Business & Divorce
5 Surprising Reasons for Divorce

5 Surprising Reasons for Divorce

August 31, 2017

We’ve all heard of “irreconcilable differences” as a common, somewhat vague reason for divorce. But that’s not the only reason a couple might choose to end their marriage. There are several equally common, more descriptive reasons to get a divorce these days. Some are newer problems that you might not have considered, but they indeed have the power to break up marriages. Here are some increasingly common reasons for divorce that you might not have heard about. Although the reasons for divorce is not relevant in court, many people have comfort in knowing that they are not the only ones. We have been handling divorce cases for years and here are some of the things that we have found.

1. Peer Pressure

That’s right. Adults are not necessarily safe from peer pressure. When most of the couples you know are getting divorced, you may be more likely to consider divorce for yourself. After all, when your friends are all complaining about the negative traits their spouses’ have, you might put more focus on your own spouse’s bothersome traits. And when you’re suddenly hanging out with single people rather than couples, you might decide you’d rather be free of your marriage, too.

2. Long Drive to Work

Studies show that if your commute takes more than 45 minutes, you’re more likely than average to get divorced. Why? That commute is time you’re not spending with your spouse, and that time apart can hurt any marriage. In addition, commutes are often stressful. If you arrive home in a bad mood after not seeing your spouse all day, what little time you have together won’t be very pleasant. The good news is that studies have also shown that couples who are still together after five years of long commutes don’t have a higher-than-average chance of divorce. So if you can either shorten your commute or figure out a way to make it work for at least five years, you have a chance of saving your marriage.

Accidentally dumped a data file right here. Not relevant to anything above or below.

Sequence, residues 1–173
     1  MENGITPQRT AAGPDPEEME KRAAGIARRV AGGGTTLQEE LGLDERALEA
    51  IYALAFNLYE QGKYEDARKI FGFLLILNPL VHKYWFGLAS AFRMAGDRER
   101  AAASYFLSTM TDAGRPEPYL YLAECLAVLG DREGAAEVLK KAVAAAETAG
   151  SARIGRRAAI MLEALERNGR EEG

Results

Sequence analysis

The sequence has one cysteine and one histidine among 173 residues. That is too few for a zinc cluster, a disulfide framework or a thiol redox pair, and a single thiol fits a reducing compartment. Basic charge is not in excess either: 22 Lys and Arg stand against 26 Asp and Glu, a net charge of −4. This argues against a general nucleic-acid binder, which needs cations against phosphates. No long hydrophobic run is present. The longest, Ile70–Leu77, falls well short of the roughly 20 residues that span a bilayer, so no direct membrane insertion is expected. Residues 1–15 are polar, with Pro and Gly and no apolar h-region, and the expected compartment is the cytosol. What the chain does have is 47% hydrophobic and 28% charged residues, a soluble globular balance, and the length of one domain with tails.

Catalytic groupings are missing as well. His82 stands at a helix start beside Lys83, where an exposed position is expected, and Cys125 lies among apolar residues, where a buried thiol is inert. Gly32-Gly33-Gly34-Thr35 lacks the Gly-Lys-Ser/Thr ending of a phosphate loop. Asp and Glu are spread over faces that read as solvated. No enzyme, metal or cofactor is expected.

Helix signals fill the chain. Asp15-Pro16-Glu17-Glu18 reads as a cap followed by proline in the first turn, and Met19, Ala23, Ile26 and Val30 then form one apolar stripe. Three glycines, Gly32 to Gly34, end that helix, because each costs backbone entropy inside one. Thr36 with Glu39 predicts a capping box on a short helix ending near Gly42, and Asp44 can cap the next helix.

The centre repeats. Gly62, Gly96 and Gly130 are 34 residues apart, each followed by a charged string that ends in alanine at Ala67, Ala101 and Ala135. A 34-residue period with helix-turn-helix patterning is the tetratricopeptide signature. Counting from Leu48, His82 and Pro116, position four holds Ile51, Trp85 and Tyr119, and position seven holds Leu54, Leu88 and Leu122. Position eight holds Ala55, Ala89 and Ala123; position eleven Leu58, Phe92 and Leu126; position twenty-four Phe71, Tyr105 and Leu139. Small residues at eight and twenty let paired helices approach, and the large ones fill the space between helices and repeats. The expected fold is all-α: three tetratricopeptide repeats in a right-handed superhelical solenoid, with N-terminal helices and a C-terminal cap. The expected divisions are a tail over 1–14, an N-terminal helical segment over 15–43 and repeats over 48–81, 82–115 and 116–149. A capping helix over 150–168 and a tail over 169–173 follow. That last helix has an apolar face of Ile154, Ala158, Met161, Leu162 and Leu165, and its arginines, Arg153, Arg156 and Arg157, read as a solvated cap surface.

3. Differences in Political Opinion

Politics have been a big topic of discussion in recent years, and many people get passionate about political issues. While some people can agree to disagree when they have different opinions — or just don’t talk about politics at all — others can’t accept that the person they married thinks a certain way. If politics have been causing tension between you and your spouse, but everything else about your marriage is fine, you may want to avoid talking about political issues for now. If you can’t, then at least make sure you’re open to understanding your spouse’s viewpoint, not simply set on making insults and accusations.

4. Addiction to Technology

We all use technology in some way, but some people have difficulty turning it off, and this can lead to divorce. For example, if you play video games frequently, make sure you’re not ignoring your spouse to do it. It’s easy to get addicted to games and not even know it, so if your spouse frequently complains that you’re playing games again instead of helping with the housework or spending quality time together, take that observation seriously. The same goes for social media, which can also be addictive. Studies have shown that people who use social media a lot are more likely to have poor-quality marriages.

5. Sudden Rise to Fame

You’ve probably noticed a pattern when it comes to celebrity marriages. They usually end within a few years! One of the reasons is fame. It can be hard on a marriage when one spouse is suddenly well known and loved by all, whether it’s because he or she is an actor, writer or inventor. Granted, fame is not a problem the average couple faces. But any time one spouse becomes busier and more in-demand than the other, it’s important to continue to make time for each other to avoid divorce.

If your marriage has been affected by one of these issues, it’s time to contact a divorce lawyer. Come to the Edgar & Dow today to find out how to begin the divorce process.

We offer free consultations – call now!


The information on this website is for general information purposes only. Nothing on this site should be taken as legal advice for any individual case or situation. This information is not intended to create, and receipt or viewing does not constitute, an attorney-client relationship.

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